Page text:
"Basically, the reason I turned to J-music was because, even at its sexiest, it wasn't as monotonous and gropey as a lot of mainstream American music," says Elizabeth, a university student who went to Japan to see her favorite artists this summer. "Mainstream rock is a lot of screaming, power chords, and muttering by gruff-voiced guys who all sound the same."
And though the lyrics are all in Japanese, translated they possess an ethereal quality that also appeals to Americans. "I think that most mainstream music in America has lost the sense of purpose that it used to have," Elizabeth says. "It used to be about rebellion, about activism, and hidden messages; now, it's about 'Hey baby, ooh baby ooh'. It's gotten to a point where if I hear one line of a song, I can predict the next line just by what rhymes."
"We put a lot of effort into writing lyrics," Duel Jewel lead vocalist Hayato said at Chicago's Anime Central con this past May. "They capture the feeling of the music. All the lyrics are in Japanese, but even though we're Japanese we still have to look in dictionaries to find the right words."
Instead of conforming to a particular sound record companies are looking to sell, what sells in Japan are songs that are different. Hence, there is a push for originality with Japanese artists that may set them apart from other musicians. "Sometimes people may have a favorite artist and want to be like them," Duel Jewel lead guitarist Shun said. "But because no two people on Earth are alike, there is no way you can be the band you want to be and the band you're going to be. They are definitely not going to be the same thing."
T.M. Revolution's music tends to sound techno, but there's a streak of rock that has become its trademark. And beyond merely putting on a tight, good-looking show, there is an additional need to connect with his fans. Seven songs into his Kokusai show, TMR takes a seat. He asks all the boys to cheer so he can know how many are in the audience. He asks female fans up front not to flash him: "You don't have to do that; you should cover yourself up." He jokes about considering plastic surgery: "I'm trying to find a way to stay beautiful till I'm 72." Then, he picks up an acoustic guitar and sings a sweet, low-key song in pin-drop silence, as the moon and stars revolve on the screen behind him.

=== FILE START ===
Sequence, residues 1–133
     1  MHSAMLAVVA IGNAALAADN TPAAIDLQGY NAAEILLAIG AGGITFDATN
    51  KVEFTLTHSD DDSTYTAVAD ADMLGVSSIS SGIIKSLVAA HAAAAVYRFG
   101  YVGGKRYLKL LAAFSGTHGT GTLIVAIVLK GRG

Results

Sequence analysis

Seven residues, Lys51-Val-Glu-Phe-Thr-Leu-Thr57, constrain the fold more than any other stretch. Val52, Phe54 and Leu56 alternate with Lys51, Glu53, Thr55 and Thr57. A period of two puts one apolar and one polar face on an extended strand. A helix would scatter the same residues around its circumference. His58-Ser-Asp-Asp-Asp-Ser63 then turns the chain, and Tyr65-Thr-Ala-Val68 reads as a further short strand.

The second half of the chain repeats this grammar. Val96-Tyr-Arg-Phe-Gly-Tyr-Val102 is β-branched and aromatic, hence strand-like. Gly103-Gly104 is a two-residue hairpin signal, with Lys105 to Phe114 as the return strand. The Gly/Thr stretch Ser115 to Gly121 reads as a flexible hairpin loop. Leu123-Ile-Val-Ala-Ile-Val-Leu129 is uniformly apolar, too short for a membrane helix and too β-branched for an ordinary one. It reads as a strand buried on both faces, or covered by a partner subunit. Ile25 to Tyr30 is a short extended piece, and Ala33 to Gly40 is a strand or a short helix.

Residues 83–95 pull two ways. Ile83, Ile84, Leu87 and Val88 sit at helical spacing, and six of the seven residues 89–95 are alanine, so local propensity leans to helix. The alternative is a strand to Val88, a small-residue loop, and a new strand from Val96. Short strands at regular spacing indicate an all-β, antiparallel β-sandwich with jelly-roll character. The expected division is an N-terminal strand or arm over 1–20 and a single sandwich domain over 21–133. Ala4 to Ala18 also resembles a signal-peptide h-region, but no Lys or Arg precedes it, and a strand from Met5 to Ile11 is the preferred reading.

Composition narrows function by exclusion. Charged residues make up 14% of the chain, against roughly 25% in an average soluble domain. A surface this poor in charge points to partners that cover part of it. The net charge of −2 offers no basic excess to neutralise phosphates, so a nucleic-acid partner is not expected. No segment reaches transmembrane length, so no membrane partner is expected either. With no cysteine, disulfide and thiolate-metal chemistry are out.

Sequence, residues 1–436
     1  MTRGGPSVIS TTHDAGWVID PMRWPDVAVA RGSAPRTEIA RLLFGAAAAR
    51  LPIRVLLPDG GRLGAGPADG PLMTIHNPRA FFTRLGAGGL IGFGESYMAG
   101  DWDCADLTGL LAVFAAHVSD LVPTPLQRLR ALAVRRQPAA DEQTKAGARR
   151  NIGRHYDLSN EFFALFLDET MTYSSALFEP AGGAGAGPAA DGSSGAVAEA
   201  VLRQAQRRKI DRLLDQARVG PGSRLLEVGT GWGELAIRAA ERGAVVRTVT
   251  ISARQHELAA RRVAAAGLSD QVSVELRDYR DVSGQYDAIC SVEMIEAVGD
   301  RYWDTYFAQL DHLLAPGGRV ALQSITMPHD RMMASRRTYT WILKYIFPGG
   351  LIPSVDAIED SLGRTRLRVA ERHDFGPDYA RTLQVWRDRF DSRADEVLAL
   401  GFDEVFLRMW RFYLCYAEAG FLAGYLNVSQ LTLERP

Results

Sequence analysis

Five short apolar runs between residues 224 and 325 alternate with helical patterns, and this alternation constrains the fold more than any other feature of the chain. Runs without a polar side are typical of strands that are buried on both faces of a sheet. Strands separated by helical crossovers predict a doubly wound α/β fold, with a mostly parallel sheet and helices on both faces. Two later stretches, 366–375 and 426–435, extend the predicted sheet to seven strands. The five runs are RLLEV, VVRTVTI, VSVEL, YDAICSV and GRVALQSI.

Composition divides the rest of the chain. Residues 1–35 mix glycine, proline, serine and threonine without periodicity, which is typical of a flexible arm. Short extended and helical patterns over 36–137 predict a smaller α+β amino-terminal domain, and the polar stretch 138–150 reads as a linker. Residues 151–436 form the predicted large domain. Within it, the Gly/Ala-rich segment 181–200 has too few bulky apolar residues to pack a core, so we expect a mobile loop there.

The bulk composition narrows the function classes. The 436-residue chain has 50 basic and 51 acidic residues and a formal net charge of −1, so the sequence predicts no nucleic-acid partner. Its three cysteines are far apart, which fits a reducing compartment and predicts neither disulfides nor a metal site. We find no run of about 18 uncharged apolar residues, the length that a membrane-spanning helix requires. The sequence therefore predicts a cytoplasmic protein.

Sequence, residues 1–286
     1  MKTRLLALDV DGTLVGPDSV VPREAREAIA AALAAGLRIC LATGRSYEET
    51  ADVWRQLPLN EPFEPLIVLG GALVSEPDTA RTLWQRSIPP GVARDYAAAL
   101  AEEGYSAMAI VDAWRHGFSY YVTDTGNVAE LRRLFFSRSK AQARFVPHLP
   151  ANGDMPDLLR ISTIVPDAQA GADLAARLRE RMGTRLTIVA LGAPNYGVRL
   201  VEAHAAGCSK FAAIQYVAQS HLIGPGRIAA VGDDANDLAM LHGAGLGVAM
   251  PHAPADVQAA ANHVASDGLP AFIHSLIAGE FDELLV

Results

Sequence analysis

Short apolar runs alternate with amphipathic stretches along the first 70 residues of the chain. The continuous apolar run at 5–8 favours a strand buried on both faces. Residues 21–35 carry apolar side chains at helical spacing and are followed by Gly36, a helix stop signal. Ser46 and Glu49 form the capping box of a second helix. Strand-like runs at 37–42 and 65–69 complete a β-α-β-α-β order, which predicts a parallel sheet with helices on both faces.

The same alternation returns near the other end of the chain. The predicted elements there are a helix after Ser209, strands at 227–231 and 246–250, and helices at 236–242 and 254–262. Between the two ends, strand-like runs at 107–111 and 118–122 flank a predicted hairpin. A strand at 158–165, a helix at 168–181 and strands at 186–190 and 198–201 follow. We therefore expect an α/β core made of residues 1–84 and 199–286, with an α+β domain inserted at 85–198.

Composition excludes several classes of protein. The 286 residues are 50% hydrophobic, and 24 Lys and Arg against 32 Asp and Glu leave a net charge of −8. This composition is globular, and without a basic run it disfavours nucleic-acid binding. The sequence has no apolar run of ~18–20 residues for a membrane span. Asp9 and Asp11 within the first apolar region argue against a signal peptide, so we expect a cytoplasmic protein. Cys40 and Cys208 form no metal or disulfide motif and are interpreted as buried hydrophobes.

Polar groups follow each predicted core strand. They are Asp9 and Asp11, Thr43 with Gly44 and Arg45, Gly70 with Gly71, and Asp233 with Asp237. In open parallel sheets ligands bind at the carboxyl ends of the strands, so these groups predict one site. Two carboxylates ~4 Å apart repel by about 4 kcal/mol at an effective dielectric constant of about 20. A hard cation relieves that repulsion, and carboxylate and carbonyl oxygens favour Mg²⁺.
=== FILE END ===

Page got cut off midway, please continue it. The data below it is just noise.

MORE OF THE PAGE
And TMR's concerts are not always the same thing; he designs the stage and specific costumes for each concert according to the idea he has at the time. "You form an image," he says. "If it was a manga [Japanese comic book], you read all the volumes, you get the idea what this is all about. That's how I try to come up with the whole concept, where I get the music for a song."
Aside from his performance, TMR won't be the only one in costume at Otakon. Fans who dress as their favorite anime or video-game character (or a Japanese musician) are called cosplayers. One of the main events at Otakon is the masquerade, in which hundreds of cosplayers display their work. And then there are thousands of those who prefer simply to have their photo taken in the corridors.
"I'm trying to come up with a costume that can beat the other cosplayers," TMR says, laughing. "I'm making a particular one for Otakon, trying to make something that would please the people there. But I haven't really figured it out yet. But, since I'm going all the way out there, I want it to be like, 'Ah! That's T.M. Revolution!' That kind of costume."
It's that kind of thinking that has enabled TMR to establish a rapport with his audiences. He and his fans visibly support each other at the Kokusai Forum, singing back and forth during the show. At one point, he is able, without speaking, to command all 5,000 of them to sit down in their seats, then leap back up for an end-of-song jump.
Later in the show, the air at the forum is still moving with energy. In plaid, red-lined slacks and a black sleeveless shirt, T.M. Revolution is jumping, flying across the stage, drop kicking glasses of water into the audience. He finishes his set with "Invoke." And then, the encores start.
"I love collaboration with people with the knowledge I don't have, and creating something," he says. "I just can't wait to go to Baltimore and hopefully do something more."